Who’s your mummy? Egyptian mummification older than was thought
Researchers said a form of mummification was being carried out there more than six thousand years ago, much earlier than previously thought
It has long been known that the practice of mummification of the dead in ancient Egypt - fundamental to that civilization's belief in eternal life - was old, but only now are researchers unwrapping the mystery of just how long ago it began.
Researchers on Wednesday said a form of mummification was being carried out there more than six thousand years ago, much earlier than previously thought.
They said embalming substances contained in funerary textiles from the oldest-known Egyptian cemeteries showed mummy-making from as early as about 4300 BC.
The embalming agents were infused into the linen used to wrap the corpse to provide an antibacterial and protective barrier.
It was not as elaborate as the process used much later on the bodies of powerful pharaohs and other elites as well as many ordinary Egyptians, but came more than 1,500 years earlier than Egyptian mummification had been thought to have started.
There is evidence of mummification involving remains from around 2600 BC of Queen Hetepheres, mother of Khufu, the pharaoh who commissioned the Great Pyramid at Giza outside Cairo. There also is evidence of linen that contained resin being used to wrap bodies around 2800 BC.
The researchers were amazed to find that the plant, animal and mineral components used in preparing the mummies at the cemeteries in Mostagedda in central Egypt were essentially the same embalming "recipe" used thousands of years later at the pinnacle of the ancient Egyptian civilization.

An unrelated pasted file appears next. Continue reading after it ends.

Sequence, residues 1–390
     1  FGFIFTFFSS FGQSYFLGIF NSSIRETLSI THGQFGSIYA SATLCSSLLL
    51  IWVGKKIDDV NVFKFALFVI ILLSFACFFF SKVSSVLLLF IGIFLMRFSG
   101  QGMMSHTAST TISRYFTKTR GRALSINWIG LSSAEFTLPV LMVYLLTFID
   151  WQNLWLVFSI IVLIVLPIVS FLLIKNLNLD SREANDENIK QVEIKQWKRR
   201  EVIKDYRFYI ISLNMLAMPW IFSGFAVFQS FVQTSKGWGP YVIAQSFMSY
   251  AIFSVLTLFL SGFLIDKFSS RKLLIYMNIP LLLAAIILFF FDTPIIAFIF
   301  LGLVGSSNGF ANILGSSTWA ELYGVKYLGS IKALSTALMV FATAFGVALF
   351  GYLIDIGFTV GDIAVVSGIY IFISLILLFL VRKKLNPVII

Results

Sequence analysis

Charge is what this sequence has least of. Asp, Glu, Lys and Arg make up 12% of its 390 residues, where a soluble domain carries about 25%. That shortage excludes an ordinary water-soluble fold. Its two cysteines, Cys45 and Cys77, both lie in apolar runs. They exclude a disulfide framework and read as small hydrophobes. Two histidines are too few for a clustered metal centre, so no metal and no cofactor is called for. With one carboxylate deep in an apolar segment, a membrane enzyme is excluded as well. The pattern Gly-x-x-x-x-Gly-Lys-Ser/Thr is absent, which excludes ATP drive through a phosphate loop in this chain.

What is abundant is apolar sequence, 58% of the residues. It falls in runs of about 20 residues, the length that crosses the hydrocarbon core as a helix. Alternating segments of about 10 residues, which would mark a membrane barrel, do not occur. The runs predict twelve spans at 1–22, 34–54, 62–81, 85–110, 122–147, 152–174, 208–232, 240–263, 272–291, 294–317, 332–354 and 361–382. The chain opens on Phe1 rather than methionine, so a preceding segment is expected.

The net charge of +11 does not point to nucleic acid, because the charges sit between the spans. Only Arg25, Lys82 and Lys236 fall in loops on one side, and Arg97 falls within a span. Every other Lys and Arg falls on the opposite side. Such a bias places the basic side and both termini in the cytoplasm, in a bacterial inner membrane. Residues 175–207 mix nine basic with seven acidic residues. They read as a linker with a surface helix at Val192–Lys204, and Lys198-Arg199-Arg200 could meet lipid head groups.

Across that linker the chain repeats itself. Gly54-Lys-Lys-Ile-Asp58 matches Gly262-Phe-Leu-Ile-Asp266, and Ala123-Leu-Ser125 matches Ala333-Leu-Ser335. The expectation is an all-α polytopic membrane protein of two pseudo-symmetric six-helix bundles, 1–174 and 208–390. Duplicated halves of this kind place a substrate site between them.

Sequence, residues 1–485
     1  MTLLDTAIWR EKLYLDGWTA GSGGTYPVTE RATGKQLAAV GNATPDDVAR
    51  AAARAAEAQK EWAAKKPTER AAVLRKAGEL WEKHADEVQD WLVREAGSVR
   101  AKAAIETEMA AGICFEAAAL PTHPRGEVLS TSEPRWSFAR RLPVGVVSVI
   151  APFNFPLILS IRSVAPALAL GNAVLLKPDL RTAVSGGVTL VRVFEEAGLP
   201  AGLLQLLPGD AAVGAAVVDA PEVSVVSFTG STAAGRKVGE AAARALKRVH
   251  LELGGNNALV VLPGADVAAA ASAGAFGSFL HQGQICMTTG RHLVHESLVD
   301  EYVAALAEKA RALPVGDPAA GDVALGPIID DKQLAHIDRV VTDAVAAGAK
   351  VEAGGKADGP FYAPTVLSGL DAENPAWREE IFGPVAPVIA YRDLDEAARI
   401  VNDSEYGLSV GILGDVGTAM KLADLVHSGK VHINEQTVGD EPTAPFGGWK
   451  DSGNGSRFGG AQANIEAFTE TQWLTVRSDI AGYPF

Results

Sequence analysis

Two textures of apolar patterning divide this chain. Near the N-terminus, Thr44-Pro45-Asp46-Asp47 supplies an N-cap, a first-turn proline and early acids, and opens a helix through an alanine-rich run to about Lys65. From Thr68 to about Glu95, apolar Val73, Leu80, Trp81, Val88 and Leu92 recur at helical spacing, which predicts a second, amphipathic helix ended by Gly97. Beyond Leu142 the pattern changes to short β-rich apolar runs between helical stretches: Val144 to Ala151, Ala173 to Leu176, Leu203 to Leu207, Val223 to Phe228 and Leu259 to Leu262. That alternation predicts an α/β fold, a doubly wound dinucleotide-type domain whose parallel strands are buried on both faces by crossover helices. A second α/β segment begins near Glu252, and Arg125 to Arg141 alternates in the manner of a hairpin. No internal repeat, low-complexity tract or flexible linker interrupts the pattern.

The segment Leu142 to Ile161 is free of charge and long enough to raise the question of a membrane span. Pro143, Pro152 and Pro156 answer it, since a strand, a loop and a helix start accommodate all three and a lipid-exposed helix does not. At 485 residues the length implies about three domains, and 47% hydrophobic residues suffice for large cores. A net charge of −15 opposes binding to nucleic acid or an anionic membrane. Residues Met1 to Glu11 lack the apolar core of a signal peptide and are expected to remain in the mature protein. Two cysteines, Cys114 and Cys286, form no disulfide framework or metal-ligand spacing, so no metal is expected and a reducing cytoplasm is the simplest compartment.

"I was surprised that the prehistoric Egyptians, who lived in a tribal society 1,000 years before the invention of writing, were already in possession of the empirical science that would later become true mummification," said one of the researchers, Jana Jones, an Egyptologist at Macquarie University in Australia.
Biochemical analysis identified the components from funerary extiles retrieved from the cemeteries during excavations in the 1920s and 1930s and held in Britain's Bolton Museum.
The "recipe" consisted of a plant oil or animal fat base, with smaller amounts of a pine resin, an aromatic plant extract, a plant gum and petroleum.
"The ancient Egyptians believed the survival of the body after death was necessary in order to 'live again' in the afterlife and become immortal.
Without the preserved body, this was not possible," said Stephen Buckley, an archaeological chemist at Britain's University of York who led the scientific research.
Jones said mummification demanded rare and costly ingredients, some from distant lands. Pine resin in the Mostagedda textiles may have come from southeastern Turkey, many hundreds of miles away.
The practice of mummification reached its peak during the era known as the New Kingdom, between about 1550 BC and 1000 BC, when powerful pharaohs reigned including Ramses II and Thutmose III, as well as the "boy king" Tutankhamun, better known as "King Tut."
It largely stopped with Christianity's influence around AD 400.
Some Christians continued it in some form until it ended completely with the arrival of Arabs spreading the new religion of Islam in AD 642.
The study appears in the scientific journal PLOS ONE.